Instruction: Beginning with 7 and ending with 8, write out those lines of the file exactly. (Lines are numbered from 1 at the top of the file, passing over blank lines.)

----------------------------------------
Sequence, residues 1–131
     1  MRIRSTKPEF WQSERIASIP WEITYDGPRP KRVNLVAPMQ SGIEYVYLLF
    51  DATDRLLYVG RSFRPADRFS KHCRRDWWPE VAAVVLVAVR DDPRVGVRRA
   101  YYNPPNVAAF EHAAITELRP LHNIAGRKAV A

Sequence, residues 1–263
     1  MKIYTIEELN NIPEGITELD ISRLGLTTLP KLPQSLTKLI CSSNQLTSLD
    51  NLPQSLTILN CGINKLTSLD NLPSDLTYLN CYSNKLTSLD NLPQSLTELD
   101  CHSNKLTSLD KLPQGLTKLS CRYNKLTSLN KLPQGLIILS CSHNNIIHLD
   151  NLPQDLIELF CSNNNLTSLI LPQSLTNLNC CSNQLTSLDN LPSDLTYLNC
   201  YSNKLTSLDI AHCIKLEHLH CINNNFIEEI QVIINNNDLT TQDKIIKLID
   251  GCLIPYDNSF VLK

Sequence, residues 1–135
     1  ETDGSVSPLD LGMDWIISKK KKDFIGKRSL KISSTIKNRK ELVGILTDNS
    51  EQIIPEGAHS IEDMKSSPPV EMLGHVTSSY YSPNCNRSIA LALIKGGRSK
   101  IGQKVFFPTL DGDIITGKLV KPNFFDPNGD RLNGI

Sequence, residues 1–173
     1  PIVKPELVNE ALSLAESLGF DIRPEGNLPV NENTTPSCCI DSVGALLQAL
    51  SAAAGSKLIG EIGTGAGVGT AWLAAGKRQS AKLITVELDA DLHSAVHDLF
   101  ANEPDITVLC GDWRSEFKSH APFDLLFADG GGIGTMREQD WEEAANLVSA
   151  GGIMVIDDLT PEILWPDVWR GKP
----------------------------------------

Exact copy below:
    51  NLPQSLTILN CGINKLTSLD NLPSDLTYLN CYSNKLTSLD NLPQSLTELD
   101  CHSNKLTSLD KLPQGLTKLS CRYNKLTSLN KLPQGLIILS CSHNNIIHLD